Shared Lives is currently part of Nesta’s Accelerator Ideas programme. For the last three years, they have also been working with NHS England, along with Shared Lives schemes and seven Clinical Commissioning Group, to demonstrate how Shared Lives can support people with intermediate or long-term health needs. Given the organisation’s track record in providing innovative forms of care along with their interest in scaling services in health, Nesta is helping Shared Lives to design and facilitate three workshops focused on how local areas can support their scaling efforts.
The NHS is great for putting us back together. In the last month alone I’ve needed three different health interventions or procedures where my body has let me down. I am amazed at what modern medicine can do where in the past I’d probably have had to grin and bear it. Some of those interventions have been brilliant – community clinics carrying out operations rather than having to go into hospital, text and book rather than a series of letters in the post to appointments I inevitably can’t make; others less so when I’ve waited many months for a repeat of an intervention that didn’t work the first time, simply because that is the protocol.
But that’s the point of the NHS, putting us back together when we need it. It’s not so good at giving us a good life when we have conditions that aren’t a ‘one off’ or ‘put me back together and send me on my way’.
I recently joined the latest cohort on the Leadership for Empowered Communities and Personalised Care (LECPC) programme. Some people have questioned why I did this, when the very nature of what we do at Shared Lives Plus is in its essence based in the heart of communities and epitomises personalised care. There are more than 150 Shared Lives schemes across the UK, providing CPC-regulated care to over 14,000 people, who have all chosen the family and community they want to be with.
I’ve ‘grown up’ very much with those values at the heart of what I do in community-based roles, advocacy and even as a commissioner very much engaged in finding community-based solutions to the needs of local people. However, I think it’s important for all of us as leaders to find time to stop, step back from the day job, listen and reflect.
On the first day of the programme I was struck by Cormac Russell’s analogy of Humpty Dumpty being picked up and not able to be put back together by the King’s horses and King’s men – what if he’d fallen on the other side of the wall and been caught by his neighbours, friends and community? What would have happened then? And we’re very quick to call something a ‘crisis’ and treat it as such (homelessness, social care, loneliness) when they are in fact a chronic situation. If we stopped the crisis reaction and looked instead to long term, community-based solutions designed with and for the people involved, we’d have a better chance of success. The more we move into the acute, crisis mode, says Russell, the more we disable citizens.
As a commissioner, I was all about commissioning for outcomes but now wonder if we are commissioning for the right outcomes, those softer outcomes which really make a difference to people’s lives – like building relationships, talking to a neighbour, volunteering in the community, joining a local group. These are the things that give our lives meaning and purpose and ultimately give us well-being, not just ‘being’.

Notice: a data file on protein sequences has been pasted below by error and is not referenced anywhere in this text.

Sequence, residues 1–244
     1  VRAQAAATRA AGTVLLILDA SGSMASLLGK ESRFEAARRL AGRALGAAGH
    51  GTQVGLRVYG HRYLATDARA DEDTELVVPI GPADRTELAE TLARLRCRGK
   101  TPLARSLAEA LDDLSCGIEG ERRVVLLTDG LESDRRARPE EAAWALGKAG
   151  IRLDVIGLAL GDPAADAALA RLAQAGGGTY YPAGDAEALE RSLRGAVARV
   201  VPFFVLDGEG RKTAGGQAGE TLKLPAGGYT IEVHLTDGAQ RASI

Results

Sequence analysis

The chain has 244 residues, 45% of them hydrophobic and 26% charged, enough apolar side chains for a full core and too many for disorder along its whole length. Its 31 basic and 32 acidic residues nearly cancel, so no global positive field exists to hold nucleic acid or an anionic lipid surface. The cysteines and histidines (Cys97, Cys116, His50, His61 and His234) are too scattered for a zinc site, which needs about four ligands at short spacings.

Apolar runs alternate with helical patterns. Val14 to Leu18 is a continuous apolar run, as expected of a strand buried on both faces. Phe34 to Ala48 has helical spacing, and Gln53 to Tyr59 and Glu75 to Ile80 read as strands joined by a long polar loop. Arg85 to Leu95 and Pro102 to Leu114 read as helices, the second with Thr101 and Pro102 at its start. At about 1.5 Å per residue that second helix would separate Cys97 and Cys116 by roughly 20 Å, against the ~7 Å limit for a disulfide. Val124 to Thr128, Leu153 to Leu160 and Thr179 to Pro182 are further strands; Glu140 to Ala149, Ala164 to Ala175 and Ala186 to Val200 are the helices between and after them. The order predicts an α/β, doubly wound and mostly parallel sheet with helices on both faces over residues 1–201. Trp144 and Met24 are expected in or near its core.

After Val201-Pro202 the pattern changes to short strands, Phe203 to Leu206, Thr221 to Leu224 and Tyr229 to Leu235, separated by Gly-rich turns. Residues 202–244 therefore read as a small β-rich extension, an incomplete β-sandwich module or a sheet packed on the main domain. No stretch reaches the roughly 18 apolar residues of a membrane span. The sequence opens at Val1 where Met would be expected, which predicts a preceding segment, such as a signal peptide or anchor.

We know all about these outcomes in Shared Lives. By spending time in the carer’s own home, in a friendly and loving environment, people tell us they make new friends, join groups in their community that aren’t labelled as being for disabled people and gain a sense of wellbeing they have not previously experienced, all of which can have profound benefits on both physical and mental health. I was inspired by others on the LECPC programme who are leading some really innovative work in small patches around the country and I know there is a wealth of amazing stuff happening.
Shared Lives excels in complex or challenging situations where patients have a mixture of medical and non-medical needs. It can also support people with an ambition to leave Assessment and Treatment Units and can facilitate reablement.
People can live with a Shared Lives carer long-term, visit for a short break or receive day support. They benefit from a flexible and personalised approach and receive their healthcare and support with a family and community they know and have chosen.
When I tell people about Shared Lives, they always say it’s a no-brainer, that it’s a brilliant solution etc. But that no-brainer is still small and struggling to break any ground as a healthcare solution. The 200-plus people who our Shared Lives Ambassadors (who have lived experience of Shared Lives) spoke to at NHS Expo in September all agreed that it was a brilliant idea, but still the system bogs us down and makes it difficult to do new things.
My take away from the LECPC programme was to give away more power, listen more, and get more disruptive. So, for any health commissioners out there who are ready to get disruptive and develop new ways to give people a good life, not just put them back together when they need it, get in touch and give us half an hour of your time!
We’ve already delivered sessions in London and Manchester to a number of health practitioners following the NHS Health and Care Expo in September, where we launched our new report showcasing the work we’ve done to date with NHS England.
We’re also currently working with Nesta to look in more detail at how you could develop Shared Lives further where you are.
In the meantime, we really need people who think Shared Lives is a no-brainer to make it a reality. Spread the word and let’s get disruptive.